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Donovan talks retirement, takes dig at Klinsmann in press conference

Landon Donovan finishes his career as the all-time leading scorer in Major League Soccer and for the U.S. men's national team. Photo:

Landon Donovan finishes his career as the all-time leading scorer in Major League Soccer and for the U.S. men's national team.

When Landon Donovan scored the winning goal against Bayern Munich in the MLS All-Star game, the strike's timing and place in Donovan's oh-so-unique career arc seemed to be nothing less than perfect. Just months removed from being snubbed from a place on the United States' World Cup roster, Donovan had proven he could still hang with the best (albeit in a meaningless friendly).

As it turned out, the goal meant far more than that.

"All I could think [was], 'if everybody only knew what was going on,'" Donovan told reporters with a smile today at his first press conference since announcing that he will retire from soccer at the conclusion of the 2014 MLS season.

Donovan has built a reputation throughout his career as a candid and forthright interview, and he kept that up on Thursday as he gave details on his plans for life after soccer, explained his decision to retire, and took a not-so-subtle dig at U.S. national team manager Jurgen Klinsmann in the process.

MORE: Retiring Donovan showered with social media praise

So why exactly did Donovan retire now, at age 32, when most figured he could easily have another couple years left? After all, it was only a year ago that the forward signed a multi-season extension with the Galaxy.

"With the World Cup on the horizon, that was a big goal of mine. I was excited for it, and I wouldn't have made the commitment I did last year if I didn't feel that way," he said. "I was excited about it, and I thought that excitement would stay."

When asked if being left off Klinsmann's U.S. national team squad for the 2014 World Cup played in to his decision to hang up his boots, Donovan delivered his most pointed quip of the afternoon.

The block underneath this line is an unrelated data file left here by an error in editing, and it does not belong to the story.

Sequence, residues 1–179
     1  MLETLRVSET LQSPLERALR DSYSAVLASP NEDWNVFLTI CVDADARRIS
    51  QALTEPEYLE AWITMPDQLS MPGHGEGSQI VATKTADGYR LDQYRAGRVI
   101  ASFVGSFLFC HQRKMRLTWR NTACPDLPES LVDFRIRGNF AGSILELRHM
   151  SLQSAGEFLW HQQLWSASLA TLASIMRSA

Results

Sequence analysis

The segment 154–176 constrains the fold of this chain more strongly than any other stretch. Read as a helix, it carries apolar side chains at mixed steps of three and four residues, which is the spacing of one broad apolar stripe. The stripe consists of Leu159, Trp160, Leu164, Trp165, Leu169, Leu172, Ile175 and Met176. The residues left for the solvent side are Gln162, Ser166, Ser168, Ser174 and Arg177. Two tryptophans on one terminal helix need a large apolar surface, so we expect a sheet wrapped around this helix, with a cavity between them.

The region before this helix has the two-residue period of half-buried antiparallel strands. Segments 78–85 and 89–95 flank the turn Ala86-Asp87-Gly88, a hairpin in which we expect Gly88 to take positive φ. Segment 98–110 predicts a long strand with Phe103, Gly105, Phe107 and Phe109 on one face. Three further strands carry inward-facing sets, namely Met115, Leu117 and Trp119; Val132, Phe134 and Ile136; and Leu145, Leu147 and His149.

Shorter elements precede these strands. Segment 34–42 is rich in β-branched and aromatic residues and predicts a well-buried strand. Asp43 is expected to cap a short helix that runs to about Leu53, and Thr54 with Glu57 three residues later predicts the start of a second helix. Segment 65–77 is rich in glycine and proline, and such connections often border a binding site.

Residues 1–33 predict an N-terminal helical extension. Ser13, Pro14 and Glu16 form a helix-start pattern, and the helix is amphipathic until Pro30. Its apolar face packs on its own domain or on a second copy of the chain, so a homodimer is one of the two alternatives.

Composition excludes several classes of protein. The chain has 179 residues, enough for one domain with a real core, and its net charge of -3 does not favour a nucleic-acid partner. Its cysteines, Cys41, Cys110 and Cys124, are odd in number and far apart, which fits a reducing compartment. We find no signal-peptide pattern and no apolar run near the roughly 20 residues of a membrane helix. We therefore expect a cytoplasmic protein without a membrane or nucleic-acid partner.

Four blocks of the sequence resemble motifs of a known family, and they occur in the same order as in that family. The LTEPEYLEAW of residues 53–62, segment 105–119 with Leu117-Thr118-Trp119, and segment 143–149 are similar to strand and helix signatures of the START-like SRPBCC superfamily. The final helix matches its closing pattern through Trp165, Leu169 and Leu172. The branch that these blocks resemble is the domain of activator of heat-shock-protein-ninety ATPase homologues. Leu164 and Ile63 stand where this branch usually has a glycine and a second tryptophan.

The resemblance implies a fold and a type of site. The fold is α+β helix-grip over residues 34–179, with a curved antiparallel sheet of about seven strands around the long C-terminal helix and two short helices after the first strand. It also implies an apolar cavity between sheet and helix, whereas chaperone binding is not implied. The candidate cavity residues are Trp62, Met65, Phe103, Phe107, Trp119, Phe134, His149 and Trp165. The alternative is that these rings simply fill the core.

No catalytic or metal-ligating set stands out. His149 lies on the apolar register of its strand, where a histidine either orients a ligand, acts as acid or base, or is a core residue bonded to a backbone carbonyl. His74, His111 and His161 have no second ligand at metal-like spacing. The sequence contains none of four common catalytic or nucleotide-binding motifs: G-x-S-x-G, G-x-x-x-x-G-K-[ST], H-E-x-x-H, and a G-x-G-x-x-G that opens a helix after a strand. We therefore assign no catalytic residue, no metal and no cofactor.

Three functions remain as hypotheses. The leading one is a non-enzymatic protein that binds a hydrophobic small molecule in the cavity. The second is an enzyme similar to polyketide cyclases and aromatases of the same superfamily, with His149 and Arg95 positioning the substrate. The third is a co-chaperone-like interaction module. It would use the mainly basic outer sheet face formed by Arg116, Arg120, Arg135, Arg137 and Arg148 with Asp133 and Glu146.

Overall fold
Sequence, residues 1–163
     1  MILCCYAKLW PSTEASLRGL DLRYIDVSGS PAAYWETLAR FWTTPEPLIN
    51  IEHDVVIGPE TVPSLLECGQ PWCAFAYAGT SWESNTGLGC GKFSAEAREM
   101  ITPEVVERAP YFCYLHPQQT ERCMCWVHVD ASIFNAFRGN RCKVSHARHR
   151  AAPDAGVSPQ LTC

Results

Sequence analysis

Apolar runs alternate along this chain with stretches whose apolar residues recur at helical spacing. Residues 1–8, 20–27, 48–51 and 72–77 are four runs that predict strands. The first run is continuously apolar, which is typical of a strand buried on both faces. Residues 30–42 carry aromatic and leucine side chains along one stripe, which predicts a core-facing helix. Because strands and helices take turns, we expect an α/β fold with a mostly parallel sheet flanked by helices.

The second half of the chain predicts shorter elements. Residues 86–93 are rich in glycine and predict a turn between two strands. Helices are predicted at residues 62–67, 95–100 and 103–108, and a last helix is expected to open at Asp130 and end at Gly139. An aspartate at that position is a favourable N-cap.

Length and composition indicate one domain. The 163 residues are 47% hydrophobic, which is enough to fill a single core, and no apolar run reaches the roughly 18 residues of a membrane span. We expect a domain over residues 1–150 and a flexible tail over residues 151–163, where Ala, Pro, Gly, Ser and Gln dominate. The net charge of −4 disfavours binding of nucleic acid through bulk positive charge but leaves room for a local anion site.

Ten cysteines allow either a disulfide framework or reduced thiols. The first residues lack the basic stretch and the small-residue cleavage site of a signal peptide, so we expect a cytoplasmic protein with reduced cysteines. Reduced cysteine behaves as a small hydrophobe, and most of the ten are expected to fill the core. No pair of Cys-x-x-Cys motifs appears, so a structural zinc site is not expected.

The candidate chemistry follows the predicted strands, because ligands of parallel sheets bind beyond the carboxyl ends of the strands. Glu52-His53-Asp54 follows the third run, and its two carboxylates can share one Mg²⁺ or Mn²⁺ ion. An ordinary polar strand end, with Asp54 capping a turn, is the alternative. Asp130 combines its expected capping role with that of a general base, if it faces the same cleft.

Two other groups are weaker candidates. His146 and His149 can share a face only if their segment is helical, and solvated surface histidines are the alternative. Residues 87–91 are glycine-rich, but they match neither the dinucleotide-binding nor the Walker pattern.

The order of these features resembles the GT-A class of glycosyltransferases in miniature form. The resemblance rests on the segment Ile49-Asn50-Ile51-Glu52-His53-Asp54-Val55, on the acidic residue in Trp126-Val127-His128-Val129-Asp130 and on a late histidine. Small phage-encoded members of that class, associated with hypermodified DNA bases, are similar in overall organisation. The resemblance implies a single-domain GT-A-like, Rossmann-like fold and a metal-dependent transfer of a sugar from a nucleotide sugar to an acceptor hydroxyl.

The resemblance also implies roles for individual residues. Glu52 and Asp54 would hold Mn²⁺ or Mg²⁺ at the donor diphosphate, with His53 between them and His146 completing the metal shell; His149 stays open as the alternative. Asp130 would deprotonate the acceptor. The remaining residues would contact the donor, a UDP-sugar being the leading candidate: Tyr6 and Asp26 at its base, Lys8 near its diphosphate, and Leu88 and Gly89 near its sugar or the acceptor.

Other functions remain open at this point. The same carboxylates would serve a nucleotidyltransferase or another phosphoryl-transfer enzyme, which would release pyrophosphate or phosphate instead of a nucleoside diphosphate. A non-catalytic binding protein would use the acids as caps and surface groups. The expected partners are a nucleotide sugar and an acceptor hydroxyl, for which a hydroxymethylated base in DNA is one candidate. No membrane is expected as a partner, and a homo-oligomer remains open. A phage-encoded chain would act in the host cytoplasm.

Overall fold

FAREWELL TOUR: Dates, times, TV for Donovan's final games

"I certainly wasn't going to allow one person's poor choice to impact a decision like this," he said. "I've never made decisions based on what other people do. My gut just told me it was right. I'm sure it's not always popular with everybody, but at the end of the day I have to live the life I want to live.

"I think it's very important in life to make the decisions that are best for you, best for your friends and family, and best for your happiness, and this decision was all of those things."

As for what exactly comes next, Donovan specifically mentioned coaching in the L.A. Galaxy Academy as something he could do to "come full circle." Donovan said he had spoken "extensively" with club president Chris Klein about moving into that role after his playing career comes to a close.

"For 16 years, almost every decision I've made in every hour of every day has been based around 'How is this going to prepare me for tomorrow's training session or tomorrow's game?' That weighs on you after a while," he said. "Just having the freedom to do whatever I want is really exciting to me and I'm really looking forward to it."

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